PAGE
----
# of days from seeding to transplant 30 16 42 40 31 30 62 62 62 62 35 37 37 21 21 # of days from transplant to first day of production 100 91 91 87 67 68 89 84 84 NA 20 19 19 28 28 # of days from first day of harvest to last day of production 107 116 119 124 56 57 68 63 9 NA 64 114 113 31 21

Cultivars

Number

Tray #

Date Seeded

Chloe Chloe Roma Roma Clarence Clarence Cherry Cherry Cherry Cherry Gherkins Gherkins Gherkins M. Eng. M. Eng.

18 18 40 40 20 20 106 20 20 20 24 24 24 20 20

1 2 3 4 7 8 5 6 7 8 19 20 21 19 5

Feb 23/04 Feb 22/04 Feb 9/04 Feb 9/04 May 14, 04 May 14/04 Jan. 20/04 Jan. 20/04 Jan. 20/04 Jan. 20/04 Apr 26/04 Feb 23/04 Feb 23/04 Aug 4/04 Aug 4/04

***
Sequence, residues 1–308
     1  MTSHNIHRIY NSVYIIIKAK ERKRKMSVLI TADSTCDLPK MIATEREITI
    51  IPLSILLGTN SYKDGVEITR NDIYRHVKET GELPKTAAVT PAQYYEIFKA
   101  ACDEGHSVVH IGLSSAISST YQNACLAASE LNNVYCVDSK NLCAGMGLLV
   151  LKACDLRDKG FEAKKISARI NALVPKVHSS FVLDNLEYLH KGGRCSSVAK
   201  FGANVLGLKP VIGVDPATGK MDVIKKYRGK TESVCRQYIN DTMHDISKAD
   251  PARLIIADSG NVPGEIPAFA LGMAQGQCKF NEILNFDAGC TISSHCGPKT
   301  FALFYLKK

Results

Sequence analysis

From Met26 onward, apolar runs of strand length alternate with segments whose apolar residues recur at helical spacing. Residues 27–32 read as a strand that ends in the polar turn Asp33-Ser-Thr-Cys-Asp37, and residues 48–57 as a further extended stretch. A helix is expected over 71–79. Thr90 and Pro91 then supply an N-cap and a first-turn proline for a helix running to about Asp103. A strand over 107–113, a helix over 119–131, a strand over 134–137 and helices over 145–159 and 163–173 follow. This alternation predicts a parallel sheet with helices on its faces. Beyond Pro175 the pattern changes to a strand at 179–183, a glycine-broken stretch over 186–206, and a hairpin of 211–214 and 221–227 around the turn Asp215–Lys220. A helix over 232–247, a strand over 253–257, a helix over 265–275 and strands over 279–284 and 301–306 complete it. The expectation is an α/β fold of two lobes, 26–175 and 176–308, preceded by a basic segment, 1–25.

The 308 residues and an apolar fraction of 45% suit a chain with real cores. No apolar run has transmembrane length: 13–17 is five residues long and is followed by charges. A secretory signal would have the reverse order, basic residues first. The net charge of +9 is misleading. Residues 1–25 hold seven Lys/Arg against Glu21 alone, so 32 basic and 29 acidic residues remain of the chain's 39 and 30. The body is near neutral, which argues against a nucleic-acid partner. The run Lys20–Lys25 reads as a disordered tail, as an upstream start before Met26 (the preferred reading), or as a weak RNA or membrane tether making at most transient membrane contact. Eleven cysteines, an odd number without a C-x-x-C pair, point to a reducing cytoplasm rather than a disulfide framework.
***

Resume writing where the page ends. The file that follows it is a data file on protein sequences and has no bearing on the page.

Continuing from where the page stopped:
Table 10 displays the number of each plant species seeded and the tray in the greenhouse in which they grew. The number of days from seeding to transplant date is recorded for each plant species. The number of days from first harvest to last harvest for each plant species is recorded. From the centre of the large greenhouse and towards the south, the ceiling is covered with a greenhouse shade cloth. The centre and North side is not covered. The water in the trays along the north wall had a consistently warmer temperature than the other trays. Harvest methods varied. Harvesting occurred 3 times a week and decreased gradually to once a week depending on the rate of growth. The rate of growth was affected by amount of daylight hours, air and water temperatures, and nutrient levels. The research produce was weighed and measured and placed in plastic bags ready for market. The seeds that were planted in the ACE greenhouse were a combination of commercial seed and retail seed. The commercial seed plants all developed healthy stalks and fruit. The cherry tomatoes were purchased in soil from Canadian Tire. Out of the one package, three different varieties were produced. Trays 5 and 6 showed three distinct varieties that were developing. In a marketing survey completed by Lethbridge Community College, there is an